• Here at Unfiltered, we’re no stranger to the confluence of football players and their wines. Add new Chicago Bears defensive end Julius Peppers to the list of gridiron connoisseurs. After signing his new six-year, $91.5 million contract last week, Peppers headed to swanky Chicago nightspot Crescendo for dinner. While Peppers himself sipped on hip-hop mogul Jay-Z’s favorite bubbly, ordering three bottles of Armand de Brignac Ace of Spades Rosé, he also treated everyone else in the house to Champagne, hoping to endear himself to the fans of his new city. Peppers bought 25 bottles, at $350 a “pop,” of Perrier-Jouet Fleur de Champagne Belle Epoque, each topped with one of Crescendo’s signature pyrotechnic sparklers to be shared among the rest of Friday night’s patrons (video available on YouTube; no word yet on whether the acrid scent of combusting magnesium will affect your Champagne’s delicate aromas, nor whether anyone cared). Not a bad way to make friends. Unfiltered just has one suggestion for Peppers: Next time, keep the P-J flower bottles for yourself, and leave the showy sparklers for the overpriced bubbly in the gimmicky packaging.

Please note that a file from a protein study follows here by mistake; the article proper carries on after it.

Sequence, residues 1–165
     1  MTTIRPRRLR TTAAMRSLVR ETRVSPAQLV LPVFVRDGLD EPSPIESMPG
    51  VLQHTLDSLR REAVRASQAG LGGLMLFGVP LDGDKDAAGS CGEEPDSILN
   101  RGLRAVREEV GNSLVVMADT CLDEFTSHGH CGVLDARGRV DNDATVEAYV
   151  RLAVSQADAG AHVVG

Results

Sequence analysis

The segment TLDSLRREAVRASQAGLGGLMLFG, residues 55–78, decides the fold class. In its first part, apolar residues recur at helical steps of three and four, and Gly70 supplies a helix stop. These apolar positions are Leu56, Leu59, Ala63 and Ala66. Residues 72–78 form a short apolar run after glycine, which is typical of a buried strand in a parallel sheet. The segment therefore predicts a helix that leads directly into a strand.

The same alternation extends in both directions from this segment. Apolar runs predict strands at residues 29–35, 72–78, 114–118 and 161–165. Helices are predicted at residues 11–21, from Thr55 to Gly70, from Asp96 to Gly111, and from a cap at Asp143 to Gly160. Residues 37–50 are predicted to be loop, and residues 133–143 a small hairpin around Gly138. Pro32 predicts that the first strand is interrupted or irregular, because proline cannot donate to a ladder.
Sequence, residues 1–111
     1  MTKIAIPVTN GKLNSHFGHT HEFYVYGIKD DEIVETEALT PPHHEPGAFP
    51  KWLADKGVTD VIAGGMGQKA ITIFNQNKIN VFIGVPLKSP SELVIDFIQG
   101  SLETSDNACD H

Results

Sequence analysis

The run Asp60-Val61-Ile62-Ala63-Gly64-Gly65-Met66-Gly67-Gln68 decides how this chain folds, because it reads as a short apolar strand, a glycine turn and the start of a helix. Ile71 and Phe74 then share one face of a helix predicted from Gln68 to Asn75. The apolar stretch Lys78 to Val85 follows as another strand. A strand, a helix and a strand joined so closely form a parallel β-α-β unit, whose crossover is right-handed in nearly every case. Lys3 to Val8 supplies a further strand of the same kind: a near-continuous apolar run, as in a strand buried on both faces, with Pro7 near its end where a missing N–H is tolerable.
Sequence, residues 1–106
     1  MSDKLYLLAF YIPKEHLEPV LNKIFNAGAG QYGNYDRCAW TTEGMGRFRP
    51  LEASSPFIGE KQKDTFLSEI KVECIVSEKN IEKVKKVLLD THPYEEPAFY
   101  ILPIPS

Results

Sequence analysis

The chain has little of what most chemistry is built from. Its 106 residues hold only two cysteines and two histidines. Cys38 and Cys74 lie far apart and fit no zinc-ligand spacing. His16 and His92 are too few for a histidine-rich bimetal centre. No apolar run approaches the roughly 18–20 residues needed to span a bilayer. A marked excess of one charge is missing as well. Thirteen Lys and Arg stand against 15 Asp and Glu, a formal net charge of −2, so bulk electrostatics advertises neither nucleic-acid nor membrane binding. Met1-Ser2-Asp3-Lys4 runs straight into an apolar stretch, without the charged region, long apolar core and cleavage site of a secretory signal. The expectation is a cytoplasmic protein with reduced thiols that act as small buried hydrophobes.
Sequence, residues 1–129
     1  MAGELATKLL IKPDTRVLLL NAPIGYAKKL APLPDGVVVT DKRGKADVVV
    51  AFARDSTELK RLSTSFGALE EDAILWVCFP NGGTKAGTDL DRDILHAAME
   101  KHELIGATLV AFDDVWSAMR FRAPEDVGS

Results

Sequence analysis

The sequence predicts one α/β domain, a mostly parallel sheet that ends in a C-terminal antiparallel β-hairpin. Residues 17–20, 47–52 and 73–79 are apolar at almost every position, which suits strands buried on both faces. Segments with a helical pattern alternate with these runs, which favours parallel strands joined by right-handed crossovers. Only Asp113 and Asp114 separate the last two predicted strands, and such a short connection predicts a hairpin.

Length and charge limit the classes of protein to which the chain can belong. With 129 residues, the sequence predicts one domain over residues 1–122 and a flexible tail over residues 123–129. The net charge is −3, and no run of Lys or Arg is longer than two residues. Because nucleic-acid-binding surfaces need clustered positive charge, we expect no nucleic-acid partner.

• Unfiltered was pleased to congratulate Lori Mason, wife of chef Daniel Angerer, on the birth of their first child when we were dining at Klee, their Austrian restaurant in New York this past January. But we found ourselves frantically trying to recall whether or not we’d ordered the cheese plate when we saw them on the morning news this week: Chef Angerer is making cheese with Mason’s excess breast milk. (For the lactically curious, the recipe for “Mommy’s Milk Cheese” is posted on Angerer’s blog.) But before you join the hordes of culinarily inquisitive (and creepy fetishists) trying to get a taste, you should know that there is no breast-milk cheese to be had at Klee. We talked to the Department of Health, and they told us that “cheese made from breast milk is not for public consumption, whether sold or given away. While breast milk is healthy—we recommend it for infants—experiments with it as a food ingredient are best left for the home.” Still, count Unfiltered among the curious (we’ve eaten stranger things). We asked Mason about her one-of-a-kind cheese, and how to best pair it with wine. “Breast milk is low in protein, so it’s difficult to make a hard cheese. Daniel’s version is more solid than ricotta, like a provolone, but slightly gelatinous and very sweet,” Mason said. And the wine pairings? “I think it’s best with a Gewürztraminer, but one on the leaner side. Other choices would be Austrian Riesling or Grüner Veltliner, but whatever wine you choose, it needs to be crisp and bright to cut through the cheese’s pungency,” she told us. What about the cheese’s texture, you ask? “It’s a little jiggly.” She said it, not us!